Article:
1. the circumstances must fall within the ambit of a Convention right;
  2. the difference in treatment must have been on the ground of one of the characteristics listed in Article 14 or “other status”;
  3. the claimant and the person who has been treated differently must be in analogous situations; and
  4. objective justification for the different treatment will be lacking.

The Government took part in the Court of Appeal. Its argument was that the appeal should be dismissed because each of the four above criteria was not met and that, even if there was a breach, Cavanagh J had been right to hold that a conforming interpretation of the 2010 Act was not possible.

The Court of Appeal’s decision

In dismissing the appeal, the Court approached the four stages as follows.

Stage 1: ambit

The case did not fall within the ambit of Article 6 since that Article is not concerned with the substantive content of domestic law (such as the remedies available in discrimination cases) but with procedural fairness and the integrity of the justice system.[6]

The Court declined to decide the “less clear cut” question of whether the case was within the ambit of Article 8, but assumed it was and proceeded to base its decisive reasoning on stage 2.[7]

Stage 2: status

Mrs Steer could not rely on the core status of sex since “[a]ny dismissed whistleblower, whether male or female, can make an application for interim relief. Any discrimination claimant who has been dismissed, whether male or female, cannot do so.[8]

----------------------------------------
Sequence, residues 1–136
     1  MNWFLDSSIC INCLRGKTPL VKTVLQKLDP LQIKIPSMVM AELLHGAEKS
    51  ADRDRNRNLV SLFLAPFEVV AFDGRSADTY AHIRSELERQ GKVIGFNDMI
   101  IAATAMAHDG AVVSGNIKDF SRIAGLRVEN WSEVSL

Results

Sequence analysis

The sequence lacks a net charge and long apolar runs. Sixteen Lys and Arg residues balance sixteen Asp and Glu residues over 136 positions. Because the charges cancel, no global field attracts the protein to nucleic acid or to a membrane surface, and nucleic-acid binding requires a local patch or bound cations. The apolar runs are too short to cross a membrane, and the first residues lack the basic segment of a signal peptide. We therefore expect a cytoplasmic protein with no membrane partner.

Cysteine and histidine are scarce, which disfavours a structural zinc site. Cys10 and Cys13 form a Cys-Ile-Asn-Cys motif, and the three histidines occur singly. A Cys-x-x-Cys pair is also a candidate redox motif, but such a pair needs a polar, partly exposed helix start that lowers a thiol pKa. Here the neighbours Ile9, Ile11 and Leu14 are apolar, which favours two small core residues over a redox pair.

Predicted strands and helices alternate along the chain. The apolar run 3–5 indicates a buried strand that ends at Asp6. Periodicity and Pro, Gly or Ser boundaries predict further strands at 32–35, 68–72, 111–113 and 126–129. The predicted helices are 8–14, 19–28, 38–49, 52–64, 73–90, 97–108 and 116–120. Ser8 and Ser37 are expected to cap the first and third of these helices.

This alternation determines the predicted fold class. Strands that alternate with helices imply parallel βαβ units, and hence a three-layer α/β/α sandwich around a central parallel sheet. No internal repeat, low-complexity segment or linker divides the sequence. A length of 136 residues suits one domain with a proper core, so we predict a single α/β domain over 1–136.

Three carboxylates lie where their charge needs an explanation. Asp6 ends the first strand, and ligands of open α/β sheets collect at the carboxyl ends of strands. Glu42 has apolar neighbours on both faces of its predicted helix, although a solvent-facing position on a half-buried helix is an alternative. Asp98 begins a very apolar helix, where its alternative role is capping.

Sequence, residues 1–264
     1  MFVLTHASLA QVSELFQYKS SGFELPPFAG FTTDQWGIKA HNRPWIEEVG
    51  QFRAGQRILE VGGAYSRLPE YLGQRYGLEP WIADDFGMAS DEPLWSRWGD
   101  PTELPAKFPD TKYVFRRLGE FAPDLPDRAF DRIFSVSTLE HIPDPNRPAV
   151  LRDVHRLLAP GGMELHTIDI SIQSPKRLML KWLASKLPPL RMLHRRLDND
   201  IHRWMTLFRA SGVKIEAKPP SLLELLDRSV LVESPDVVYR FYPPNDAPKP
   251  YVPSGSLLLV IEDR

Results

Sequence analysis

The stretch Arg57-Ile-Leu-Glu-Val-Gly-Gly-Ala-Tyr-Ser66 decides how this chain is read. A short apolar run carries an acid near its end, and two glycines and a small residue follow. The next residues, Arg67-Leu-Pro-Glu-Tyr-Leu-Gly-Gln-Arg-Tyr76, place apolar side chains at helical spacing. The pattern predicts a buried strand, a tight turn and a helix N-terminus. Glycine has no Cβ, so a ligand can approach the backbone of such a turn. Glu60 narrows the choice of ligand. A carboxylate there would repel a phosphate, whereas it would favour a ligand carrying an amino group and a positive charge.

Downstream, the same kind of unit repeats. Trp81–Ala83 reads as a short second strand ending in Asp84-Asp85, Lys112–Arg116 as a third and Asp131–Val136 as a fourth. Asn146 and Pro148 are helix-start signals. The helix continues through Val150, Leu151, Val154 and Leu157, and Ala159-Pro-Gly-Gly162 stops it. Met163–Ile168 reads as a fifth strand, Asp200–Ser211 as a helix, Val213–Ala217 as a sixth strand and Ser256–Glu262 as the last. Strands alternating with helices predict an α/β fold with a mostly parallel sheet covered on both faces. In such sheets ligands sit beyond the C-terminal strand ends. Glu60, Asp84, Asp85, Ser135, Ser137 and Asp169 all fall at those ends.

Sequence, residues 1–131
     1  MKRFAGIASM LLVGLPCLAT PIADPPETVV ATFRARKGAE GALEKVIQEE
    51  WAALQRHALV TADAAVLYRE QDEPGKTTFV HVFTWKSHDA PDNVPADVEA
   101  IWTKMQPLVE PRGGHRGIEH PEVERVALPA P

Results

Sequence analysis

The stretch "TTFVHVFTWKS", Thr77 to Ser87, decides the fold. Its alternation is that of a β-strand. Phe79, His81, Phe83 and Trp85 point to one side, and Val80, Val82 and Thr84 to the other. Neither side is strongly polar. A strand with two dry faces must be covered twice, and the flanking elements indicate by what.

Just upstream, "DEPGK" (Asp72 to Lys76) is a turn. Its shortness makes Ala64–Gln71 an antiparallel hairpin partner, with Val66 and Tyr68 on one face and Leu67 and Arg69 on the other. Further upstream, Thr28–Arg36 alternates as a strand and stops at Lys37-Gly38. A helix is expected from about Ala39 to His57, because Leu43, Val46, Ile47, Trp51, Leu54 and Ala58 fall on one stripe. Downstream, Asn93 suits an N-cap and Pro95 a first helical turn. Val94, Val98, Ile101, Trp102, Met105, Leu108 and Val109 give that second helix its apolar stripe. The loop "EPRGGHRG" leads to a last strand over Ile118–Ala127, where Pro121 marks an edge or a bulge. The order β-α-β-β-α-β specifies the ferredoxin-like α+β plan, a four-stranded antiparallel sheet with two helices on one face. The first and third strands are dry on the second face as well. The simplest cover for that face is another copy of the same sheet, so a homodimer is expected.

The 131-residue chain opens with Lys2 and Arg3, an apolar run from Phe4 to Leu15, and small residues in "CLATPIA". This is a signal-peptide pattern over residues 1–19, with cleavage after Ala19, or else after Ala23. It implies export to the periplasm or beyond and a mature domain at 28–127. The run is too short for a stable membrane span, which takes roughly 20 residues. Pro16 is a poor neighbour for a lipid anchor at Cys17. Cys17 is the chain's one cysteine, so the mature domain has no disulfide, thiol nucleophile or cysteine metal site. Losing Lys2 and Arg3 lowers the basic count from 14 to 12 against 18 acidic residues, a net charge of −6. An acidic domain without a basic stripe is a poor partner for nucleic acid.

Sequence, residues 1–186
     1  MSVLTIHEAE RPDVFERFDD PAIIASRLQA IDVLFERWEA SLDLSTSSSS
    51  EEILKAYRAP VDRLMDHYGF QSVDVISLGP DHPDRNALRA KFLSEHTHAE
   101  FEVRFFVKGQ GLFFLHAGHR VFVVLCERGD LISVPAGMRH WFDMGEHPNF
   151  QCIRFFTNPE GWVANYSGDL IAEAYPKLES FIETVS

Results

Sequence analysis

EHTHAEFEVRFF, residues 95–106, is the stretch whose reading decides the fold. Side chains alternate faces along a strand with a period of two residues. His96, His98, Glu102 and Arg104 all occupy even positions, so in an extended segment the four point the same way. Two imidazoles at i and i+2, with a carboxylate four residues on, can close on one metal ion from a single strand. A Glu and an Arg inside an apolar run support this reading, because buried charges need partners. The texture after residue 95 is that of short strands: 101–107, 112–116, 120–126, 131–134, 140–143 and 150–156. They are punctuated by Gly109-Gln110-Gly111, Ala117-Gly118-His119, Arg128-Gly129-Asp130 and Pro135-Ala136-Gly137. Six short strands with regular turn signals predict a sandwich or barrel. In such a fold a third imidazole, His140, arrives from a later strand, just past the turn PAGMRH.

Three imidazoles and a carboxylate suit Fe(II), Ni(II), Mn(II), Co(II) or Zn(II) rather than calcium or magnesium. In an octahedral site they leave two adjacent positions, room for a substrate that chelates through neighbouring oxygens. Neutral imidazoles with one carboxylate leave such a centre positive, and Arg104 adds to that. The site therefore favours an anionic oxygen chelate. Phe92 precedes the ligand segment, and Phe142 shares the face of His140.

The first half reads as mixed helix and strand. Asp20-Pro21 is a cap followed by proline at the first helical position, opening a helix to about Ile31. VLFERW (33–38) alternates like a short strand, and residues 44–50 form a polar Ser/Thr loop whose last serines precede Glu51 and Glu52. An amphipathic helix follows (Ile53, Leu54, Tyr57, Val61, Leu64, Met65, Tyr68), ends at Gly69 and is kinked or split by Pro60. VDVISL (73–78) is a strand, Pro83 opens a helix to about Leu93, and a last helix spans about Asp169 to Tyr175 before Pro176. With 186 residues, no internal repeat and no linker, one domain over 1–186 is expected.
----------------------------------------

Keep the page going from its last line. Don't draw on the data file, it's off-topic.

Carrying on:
Did she nonetheless have “other status”? The Court of Appeal answered in the negative. The status suggested was the status of being a litigant in a particular kind of claim. Relying on House of Lords dicta in R (Hooper) v Secretary of State for Work and Pensions,[9] the Court of Appeal held:

The reason why a claimant in a discrimination case cannot claim interim relief is because she has not brought one of the small and select group of substantive claims in which Parliament has conferred jurisdiction on the ET to grant interim relief. The fact that a particular remedy is available in litigation of type A but not of type B does not constitute discrimination against the claimant in a type B case on the ground of her status as a type B claimant.[10]

That was enough to dispose of the appeal.

Stages 3 and 4: analogous situation and justification

Though strictly obiter, the remainder of the Court of Appeal’s analysis demonstrates that the appeal would also have failed at stages 3 and 4.